Washington, DC - a tourist destination or a place to call home? It's been both for me at various points in my life. I loved living in DC for 10+ years and I'm excited every time I get a chance to visit now. To help you discover how great DC is, I'm sharing these 10 helpful travel tips to get you started off right in the nation's capital!
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1) Choose Your Airport Wisely
Flying into Washington, DC, you'll arrive at one of these three nearby airports:
Let me break them down for you so you can choose the best one for your trip.
Reagan National Airport (DCA)
Located just across the Potomac River and with its own metro stop, Reagan National Airport is by far the most convenient to Washington, DC.
For domestic flights, it's always my first choice. When you arrive, hop on the DC Metro's blue or yellow lines and you'll be in downtown DC in ~20 minutes.
If you prefer to take a taxi from DCA to downtown Washington, DC, it will cost roughly US $25-$30 with tip.
Dulles International Airport (IAD)
If you're flying into DC from abroad, you'll most likely fly into Dulles International Airport. Located ~25 miles from DC, you can still easily reach downtown by public transportation but it will take closer to ~1-1.25 hours.
Currently the Metro does not run all the way to Dulles (perhaps by 2021?). So you'll need to catch the Silver Line Express bus (follow signs in the Arrival Hall; US$5 pp). This bus takes you to the end of the Metro's silver line at Wiehle-Reston. Here you'll jump on the metro into the city which takes ~40 minutes.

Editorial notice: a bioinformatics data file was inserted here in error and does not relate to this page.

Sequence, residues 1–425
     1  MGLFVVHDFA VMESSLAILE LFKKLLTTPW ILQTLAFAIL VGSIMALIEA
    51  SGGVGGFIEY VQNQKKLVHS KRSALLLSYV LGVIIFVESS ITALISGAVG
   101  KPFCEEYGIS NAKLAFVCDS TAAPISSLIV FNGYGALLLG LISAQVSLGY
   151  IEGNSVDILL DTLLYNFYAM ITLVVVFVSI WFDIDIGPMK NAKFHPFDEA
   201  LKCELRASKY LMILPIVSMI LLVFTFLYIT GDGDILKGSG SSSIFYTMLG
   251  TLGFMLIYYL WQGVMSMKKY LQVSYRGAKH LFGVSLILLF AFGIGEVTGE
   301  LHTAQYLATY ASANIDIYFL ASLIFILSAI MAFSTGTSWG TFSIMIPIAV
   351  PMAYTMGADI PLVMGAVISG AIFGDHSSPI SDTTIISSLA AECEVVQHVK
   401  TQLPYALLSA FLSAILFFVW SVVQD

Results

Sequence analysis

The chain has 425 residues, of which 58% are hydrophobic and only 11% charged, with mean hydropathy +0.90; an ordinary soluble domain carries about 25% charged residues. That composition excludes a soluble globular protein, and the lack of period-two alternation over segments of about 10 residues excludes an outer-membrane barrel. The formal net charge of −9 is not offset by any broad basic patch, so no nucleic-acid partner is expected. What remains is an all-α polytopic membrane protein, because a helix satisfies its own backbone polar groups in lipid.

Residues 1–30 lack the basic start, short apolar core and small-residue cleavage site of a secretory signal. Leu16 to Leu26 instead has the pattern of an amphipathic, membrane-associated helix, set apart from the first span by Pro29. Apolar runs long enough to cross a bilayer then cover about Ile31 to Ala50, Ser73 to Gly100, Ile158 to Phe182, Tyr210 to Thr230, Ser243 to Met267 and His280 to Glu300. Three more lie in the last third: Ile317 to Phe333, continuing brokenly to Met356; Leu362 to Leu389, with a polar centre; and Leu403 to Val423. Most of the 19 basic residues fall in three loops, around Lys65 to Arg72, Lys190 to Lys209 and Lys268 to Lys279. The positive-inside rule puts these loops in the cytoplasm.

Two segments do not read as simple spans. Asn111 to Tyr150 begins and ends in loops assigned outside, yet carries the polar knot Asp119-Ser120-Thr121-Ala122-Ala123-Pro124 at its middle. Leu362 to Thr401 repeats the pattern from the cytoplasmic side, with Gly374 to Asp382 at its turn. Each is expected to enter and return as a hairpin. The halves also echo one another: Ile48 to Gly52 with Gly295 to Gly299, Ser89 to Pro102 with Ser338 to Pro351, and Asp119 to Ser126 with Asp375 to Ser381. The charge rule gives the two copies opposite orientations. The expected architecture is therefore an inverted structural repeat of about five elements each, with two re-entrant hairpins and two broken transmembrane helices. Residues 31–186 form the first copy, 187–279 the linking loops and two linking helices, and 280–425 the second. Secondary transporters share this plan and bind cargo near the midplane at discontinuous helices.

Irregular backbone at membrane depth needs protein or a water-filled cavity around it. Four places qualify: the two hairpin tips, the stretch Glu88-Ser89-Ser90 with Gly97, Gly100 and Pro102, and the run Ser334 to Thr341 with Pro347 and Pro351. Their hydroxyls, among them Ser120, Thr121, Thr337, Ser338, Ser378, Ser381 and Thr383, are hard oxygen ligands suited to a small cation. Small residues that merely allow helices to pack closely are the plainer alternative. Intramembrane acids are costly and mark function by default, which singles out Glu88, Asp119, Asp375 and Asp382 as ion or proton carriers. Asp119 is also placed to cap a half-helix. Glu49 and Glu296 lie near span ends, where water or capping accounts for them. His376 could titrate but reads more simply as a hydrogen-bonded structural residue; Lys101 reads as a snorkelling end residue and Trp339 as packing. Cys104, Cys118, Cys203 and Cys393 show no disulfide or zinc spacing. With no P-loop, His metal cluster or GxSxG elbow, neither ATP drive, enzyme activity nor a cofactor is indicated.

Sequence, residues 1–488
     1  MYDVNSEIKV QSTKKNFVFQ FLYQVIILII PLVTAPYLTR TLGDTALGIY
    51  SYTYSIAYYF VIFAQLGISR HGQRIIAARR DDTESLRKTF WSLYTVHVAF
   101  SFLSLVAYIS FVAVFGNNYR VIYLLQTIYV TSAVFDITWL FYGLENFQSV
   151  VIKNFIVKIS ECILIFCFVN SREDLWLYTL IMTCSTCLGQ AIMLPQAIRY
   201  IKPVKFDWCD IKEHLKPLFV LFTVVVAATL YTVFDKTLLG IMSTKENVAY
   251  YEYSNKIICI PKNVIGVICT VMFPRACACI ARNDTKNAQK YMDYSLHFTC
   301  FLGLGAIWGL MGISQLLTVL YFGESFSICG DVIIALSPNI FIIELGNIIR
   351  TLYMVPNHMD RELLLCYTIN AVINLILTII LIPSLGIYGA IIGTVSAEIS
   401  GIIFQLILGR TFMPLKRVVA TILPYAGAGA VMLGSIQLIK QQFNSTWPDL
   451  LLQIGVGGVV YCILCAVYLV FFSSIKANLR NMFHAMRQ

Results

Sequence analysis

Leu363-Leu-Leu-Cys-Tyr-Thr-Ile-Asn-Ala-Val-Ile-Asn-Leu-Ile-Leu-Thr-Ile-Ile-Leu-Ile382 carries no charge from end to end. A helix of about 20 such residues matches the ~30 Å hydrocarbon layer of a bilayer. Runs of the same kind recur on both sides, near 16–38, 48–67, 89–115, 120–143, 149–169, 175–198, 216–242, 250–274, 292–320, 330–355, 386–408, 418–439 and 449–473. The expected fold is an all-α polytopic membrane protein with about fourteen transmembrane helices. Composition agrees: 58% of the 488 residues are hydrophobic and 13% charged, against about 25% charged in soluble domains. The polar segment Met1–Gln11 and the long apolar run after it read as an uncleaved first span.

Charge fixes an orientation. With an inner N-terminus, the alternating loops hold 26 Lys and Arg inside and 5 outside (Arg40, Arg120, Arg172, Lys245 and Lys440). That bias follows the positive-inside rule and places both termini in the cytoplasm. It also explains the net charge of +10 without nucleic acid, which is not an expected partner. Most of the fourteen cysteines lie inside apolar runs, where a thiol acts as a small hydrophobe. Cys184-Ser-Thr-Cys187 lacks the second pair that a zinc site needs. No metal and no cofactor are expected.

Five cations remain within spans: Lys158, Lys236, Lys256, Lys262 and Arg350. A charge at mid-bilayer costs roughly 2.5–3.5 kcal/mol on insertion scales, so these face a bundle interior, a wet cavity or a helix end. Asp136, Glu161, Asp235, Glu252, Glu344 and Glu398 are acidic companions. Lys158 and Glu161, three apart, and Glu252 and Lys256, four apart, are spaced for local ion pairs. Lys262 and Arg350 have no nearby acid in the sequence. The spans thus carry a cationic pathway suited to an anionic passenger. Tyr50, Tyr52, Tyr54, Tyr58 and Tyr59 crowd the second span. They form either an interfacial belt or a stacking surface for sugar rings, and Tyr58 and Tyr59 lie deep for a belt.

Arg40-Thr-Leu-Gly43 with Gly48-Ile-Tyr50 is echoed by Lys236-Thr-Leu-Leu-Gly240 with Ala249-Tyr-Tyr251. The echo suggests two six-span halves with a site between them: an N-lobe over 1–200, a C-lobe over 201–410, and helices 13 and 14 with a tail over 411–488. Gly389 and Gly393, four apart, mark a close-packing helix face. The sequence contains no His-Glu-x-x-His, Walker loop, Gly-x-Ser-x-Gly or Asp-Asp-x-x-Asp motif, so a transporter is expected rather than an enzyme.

If you prefer to take a taxi from IAD to downtown Washington, DC, it will cost roughly US $75-$90.
Baltimore/Washington International Airport (BWI)
The Baltimore/Washington International Airport should be your last resort and only if you find extremely discounted tickets. Located practically in Baltimore, BWI is DC's least convenient airport option.
To get from BWI Airport to downtown DC, you'll take a shuttle bus from the airport to the BWI rail station to catch the MARC train. The MARC train is primarily a commuter train so it runs more frequently during rush hour on weekdays. You can check the MARC schedule online for train times.
Once on the train, it's about a ~35-minute ride to Washington, DC's Union Station.
If you prefer to take a taxi from BWI to downtown Washington, DC, it will cost roughly US $75-$90.
2) Driving in DC is Not for the Faint of Heart
Perhaps you'd like to save money on flights and drive to Washington, DC instead? Great idea! Just be sure to consider a few factors first...
Does your hotel/Airbnb have parking? How much does it cost per night?
These are important questions to answer when booking your accommodation. Some downtown hotels charge as much as US$50 per night for parking.
Or they may not offer parking at all. In this case, you'd need to find a local garage which may also charge hefty fees.
But you don't necessarily want to stay so far outside of the city that you'd need to drive in each day for sightseeing. I'll tell you why...
If you drive from home to Washington, DC, I highly recommend leaving your car at your hotel and taking public transportation for sightseeing.
Daily parking garage rates downtown are typically as much as ~$10 per hour/~$20 per day. Also, some fill up early during weekdays with commuters. Street parking during weekdays is very limited and it's difficult to find spots.
Traffic... and More Traffic